How the war in Ukraine benefits Russian insurers and drives up insurance premiums everywhere
A EU/UK Package prohibit their insurers provide cover to ships carrying Russian oil cause tensions with Washington. America argues that Europe’s dominance of global insurance will make it very difficult for Russia to export oil if this continues, which could drive oil prices much higher than they are already.
Yet that may not happen, because Russia is make moves overcome the problem itself. The national reinsurance company, RNRC, is would have intervened replace Western insurance companies by insuring fleets and their cargoes. Russia will also now provide liability and environmental damage insurance in place of the Protection and Indemnity (P&I) clubs. If these changes are viable in the long term, it will mean that some of the business that was primarily aimed at European and UK insurance companies will now be kept in Russia.
This is just one of the many ways Western insurance is affected by the war in Ukraine. Insurers are already facing heavy losses Sanctions passed in March prohibiting the provision of various types of coverage to Russia-related activities. This has significant implications at all levels for business and society. So what happens and where does it go from here?
Insurance and geopolitics
The insurance sector dwarfs the GDP of every country in the world except China and the United States. We thought it was worth more than 5 trillion US dollars (£4 trillion) in premiums paid in 2021 and is expected to increase by 10% in 2022.
We’re all used to thinking that insurance companies protect people and businesses from risk, but behind that lies another set of specialist companies called reinsurers. These players insure the risks of insurance companies against, for example, losses resulting from claims, i.e. they offer insurance taken out on insurance. In some cases, complex insurance and reinsurance networks exist to ensure that the risk is properly protected.
Main insurers and reinsurers by turnover
Before the invasion of Ukraine in February, there were instances where sanctions against Russia involved the insurance industry. When the United States pressured Germany to abandon its NordStream 2 gas pipeline project, insurance and reinsurance companies were among those who got out until the Biden administration relaxed its approach.
This time around, it’s a whole different level. Complaints have been made on policies related to aviation, maritime transport, trade credit, cyber and political risk. This represents only a relatively modest exposure for the entire industry, but the potential long-term effects are another matter. Since the imposition of Western sanctions in March, major players such as Lloyd’s of London, Swiss Re and SCOR and brokers such as Marsh, Aon and Willis Towers Watson have stopped take new business from Russia. With a considerable amount of assurance previously provided to Russian sectors such as aviation and space in London and New York, for example, this is a major change.
We are now in a situation where the planes of the world no longer fly through Russia. This raises the prospect of years, if not decades, of claims by owners of up to 600 planes seizedmany of which are rented out.
Count the cost
It is not easy to estimate the overall blow to the Western insurance industry from the deterioration of relations with Russia. This is partly because much depends on the worsening of the current crisis and the possibility of finding a political or military solution.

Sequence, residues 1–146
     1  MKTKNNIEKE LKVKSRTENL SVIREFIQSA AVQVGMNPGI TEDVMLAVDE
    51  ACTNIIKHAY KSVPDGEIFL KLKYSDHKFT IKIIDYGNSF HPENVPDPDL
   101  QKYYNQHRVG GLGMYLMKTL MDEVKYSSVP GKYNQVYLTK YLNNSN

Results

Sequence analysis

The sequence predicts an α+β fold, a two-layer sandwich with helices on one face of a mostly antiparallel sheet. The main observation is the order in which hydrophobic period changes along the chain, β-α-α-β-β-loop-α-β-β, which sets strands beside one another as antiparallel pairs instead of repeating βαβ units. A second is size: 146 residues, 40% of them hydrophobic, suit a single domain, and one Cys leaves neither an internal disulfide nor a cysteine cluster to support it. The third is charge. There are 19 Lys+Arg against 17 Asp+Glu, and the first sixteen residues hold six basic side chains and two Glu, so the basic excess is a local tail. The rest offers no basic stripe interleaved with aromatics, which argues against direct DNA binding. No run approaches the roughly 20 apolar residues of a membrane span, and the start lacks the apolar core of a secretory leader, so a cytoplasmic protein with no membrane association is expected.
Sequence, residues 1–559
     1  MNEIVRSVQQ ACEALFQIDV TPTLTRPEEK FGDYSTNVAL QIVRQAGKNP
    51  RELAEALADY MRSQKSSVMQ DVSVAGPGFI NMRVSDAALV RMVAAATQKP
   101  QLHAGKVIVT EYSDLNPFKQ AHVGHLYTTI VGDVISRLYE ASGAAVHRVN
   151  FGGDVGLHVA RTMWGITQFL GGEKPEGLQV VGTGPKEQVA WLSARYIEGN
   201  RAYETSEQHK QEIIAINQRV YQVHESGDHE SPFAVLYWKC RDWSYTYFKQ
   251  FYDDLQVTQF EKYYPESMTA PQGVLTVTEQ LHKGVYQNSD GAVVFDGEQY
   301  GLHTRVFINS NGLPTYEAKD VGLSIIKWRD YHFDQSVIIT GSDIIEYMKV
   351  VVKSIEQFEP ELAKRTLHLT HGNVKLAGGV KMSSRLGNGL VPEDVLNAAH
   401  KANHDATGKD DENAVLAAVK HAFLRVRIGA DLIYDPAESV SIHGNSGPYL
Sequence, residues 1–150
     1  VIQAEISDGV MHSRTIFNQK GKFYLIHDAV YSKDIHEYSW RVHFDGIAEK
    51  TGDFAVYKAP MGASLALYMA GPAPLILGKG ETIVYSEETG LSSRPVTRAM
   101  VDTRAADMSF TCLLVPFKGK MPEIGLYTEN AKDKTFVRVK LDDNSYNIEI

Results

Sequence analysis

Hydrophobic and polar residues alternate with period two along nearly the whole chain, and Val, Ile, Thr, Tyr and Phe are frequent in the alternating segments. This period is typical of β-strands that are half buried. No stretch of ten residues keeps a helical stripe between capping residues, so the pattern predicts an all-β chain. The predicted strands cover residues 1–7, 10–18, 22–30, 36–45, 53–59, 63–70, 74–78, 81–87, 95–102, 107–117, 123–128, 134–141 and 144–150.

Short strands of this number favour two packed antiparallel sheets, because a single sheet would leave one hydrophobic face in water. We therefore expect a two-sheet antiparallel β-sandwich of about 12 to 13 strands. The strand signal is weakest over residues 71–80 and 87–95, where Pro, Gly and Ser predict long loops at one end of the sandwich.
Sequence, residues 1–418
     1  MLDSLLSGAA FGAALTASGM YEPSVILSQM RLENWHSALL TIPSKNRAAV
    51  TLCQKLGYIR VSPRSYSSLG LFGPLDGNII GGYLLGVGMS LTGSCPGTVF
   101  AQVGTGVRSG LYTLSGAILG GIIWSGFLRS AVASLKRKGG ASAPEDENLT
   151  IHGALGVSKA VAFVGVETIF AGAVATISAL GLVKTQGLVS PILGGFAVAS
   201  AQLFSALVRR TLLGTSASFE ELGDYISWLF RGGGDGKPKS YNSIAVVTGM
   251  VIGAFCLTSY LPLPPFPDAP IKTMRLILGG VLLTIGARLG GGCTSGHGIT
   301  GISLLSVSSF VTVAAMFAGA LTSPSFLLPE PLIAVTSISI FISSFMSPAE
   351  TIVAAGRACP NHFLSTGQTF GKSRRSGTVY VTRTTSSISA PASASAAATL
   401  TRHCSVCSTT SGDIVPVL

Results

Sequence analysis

In early April, a S&P Global report predicted losses to specialized categories such as aviation, maritime and political risk would be in the range of US$16-35 billion. Only Lloyd’s of London was reported in March as facing payments in aviation and space between US$1 billion and US$4 billioni.e. 1% of its premiums.
industry could be affected by payments on claims for one or even two decades, acting as a brake balance sheets of insurers waiting. Those who have not yet downloaded their Russian business also runs the risk of their policies being seized by the Russian government.
Meanwhile, premiums are rising more and more as insurers seek to make up for their losses, especially in all categories except life insurance. It is said that worldwide aviation insurance premiums have doubled as insurers seek to protect their profit margins. Premiums on tankers and other important goods in the Black Sea, such as agricultural and grain products, also increased significantly. All of this will translate into higher prices for consumers and businesses, even outside of all the other current inflationary pressures.
Another affected area is cyber insurance, which protects against the risk of cyberattacks. With Russia being linked to numerous cyberattacks, both in connection with Ukraine and other countries, the demand for cyberinsurance has increased, but it is becoming increasingly difficult to obtain and therefore prices are soaring.
Russia is a potential winner in much of this. Assuming the sanctions continue, it is likely that Western insurers will increasingly be replaced by Russian insurers (and those from countries it deems friendly). For instance, The RNRC is already replacing Western reinsurers for other cargoes than oil. Russia could also follow the model in iran where various new state guaranteed reinsurance pools, companies, P&I clubs and co-insurance (several companies providing cover) have been created in response to the sanctions.
Russian sanctions and the forced exodus of Western companies from the Russian market give Russia the chance to have inherited in-house expertise and knowledge of the insurance and reinsurance industry that it does not have. paid. While Western insurance companies have to absorb the hit from the sanctions, it is not entirely clear that their Russian counterparts will suffer in the same way.